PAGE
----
By Steven Allen Adams, for The Inter-Mountain of Elkins
CHARLESTON. W.Va. — Controversy stemming from a bill aimed at further curriculum transparency and limiting discussion of topics linked to philosophies under the umbrella of Critical Race Theory continued Monday after a House of Delegates committee cut off all debate on the bill.
Before leaving town last Thursday afternoon to beat the impending ice storm, the House Education Committee recommended House Bill 4011 for passage, creating the Anti-Stereotyping Act. The recommendation came after a motion to halt further amendments and debate was adopted by the Republican members of the committee.
Delegate Danielle Walker, D-Monongalia, is a member of the House Education Committee and the House’s lone black woman. Walker was still unhappy that debate on HB 4011 was cut off before the committee could hear from representatives of the teachers’ unions or offer amendments.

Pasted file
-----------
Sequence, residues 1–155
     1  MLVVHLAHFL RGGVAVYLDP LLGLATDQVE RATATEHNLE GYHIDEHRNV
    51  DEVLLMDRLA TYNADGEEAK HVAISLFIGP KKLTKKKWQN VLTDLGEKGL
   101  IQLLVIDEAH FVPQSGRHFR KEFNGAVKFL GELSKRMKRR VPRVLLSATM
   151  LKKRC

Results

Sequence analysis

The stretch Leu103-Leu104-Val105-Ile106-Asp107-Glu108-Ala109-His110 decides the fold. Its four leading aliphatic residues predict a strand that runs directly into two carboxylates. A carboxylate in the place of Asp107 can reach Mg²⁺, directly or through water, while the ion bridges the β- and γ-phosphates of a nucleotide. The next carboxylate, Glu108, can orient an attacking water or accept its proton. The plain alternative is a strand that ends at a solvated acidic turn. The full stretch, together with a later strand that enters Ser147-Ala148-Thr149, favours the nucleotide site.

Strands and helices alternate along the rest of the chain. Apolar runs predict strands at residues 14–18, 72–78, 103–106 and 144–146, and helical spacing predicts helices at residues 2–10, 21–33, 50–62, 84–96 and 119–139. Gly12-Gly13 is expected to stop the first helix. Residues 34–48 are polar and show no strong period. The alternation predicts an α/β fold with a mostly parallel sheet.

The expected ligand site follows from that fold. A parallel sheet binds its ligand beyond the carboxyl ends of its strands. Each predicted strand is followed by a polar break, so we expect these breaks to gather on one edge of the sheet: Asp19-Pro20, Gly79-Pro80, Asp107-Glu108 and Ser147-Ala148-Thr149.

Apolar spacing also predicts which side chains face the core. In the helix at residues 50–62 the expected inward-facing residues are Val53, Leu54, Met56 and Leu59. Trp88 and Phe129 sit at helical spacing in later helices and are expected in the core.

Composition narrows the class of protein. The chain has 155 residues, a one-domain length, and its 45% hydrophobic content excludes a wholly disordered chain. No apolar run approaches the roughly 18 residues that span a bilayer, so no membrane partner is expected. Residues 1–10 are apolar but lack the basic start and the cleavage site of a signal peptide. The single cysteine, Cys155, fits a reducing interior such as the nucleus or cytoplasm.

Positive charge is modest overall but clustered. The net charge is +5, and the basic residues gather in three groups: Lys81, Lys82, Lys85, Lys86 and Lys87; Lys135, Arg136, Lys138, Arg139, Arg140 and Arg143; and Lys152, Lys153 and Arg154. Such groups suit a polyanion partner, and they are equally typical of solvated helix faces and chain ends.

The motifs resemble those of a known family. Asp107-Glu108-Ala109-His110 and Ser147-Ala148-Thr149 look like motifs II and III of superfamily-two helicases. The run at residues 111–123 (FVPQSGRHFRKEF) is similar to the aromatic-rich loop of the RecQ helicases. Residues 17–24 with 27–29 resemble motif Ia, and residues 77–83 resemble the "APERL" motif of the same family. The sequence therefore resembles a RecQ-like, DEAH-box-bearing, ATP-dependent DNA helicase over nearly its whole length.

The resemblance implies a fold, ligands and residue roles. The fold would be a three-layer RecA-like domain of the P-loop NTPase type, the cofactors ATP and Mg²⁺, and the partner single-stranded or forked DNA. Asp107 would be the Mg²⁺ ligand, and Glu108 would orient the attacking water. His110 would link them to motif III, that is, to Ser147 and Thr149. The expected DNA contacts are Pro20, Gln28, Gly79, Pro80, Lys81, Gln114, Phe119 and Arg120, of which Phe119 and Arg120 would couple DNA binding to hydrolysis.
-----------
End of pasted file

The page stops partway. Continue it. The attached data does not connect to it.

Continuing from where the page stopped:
“When I still have questions to be asked, why would you move the question? You actually gagged the 1st Amendment,” Walker said during a virtual press conference Monday morning. “What are you so scared of when we need to vet a bill?”
HB 4011 focuses on two key areas: curriculum transparency, and prohibiting the teaching and discussion of specific racial and non-discrimination topics often categorized under the name Critical Race Theory, or CRT.
The bill would require schools to post all training materials and curriculum online pertaining to non-discrimination, diversity, equity, inclusion, race, ethnicity, sex, bias, or any combination of those concepts. It would prohibit the promotion or endorsement by school employees and county school boards of stereotypes based on race, sex, ethnicity, religion, or national origin. ..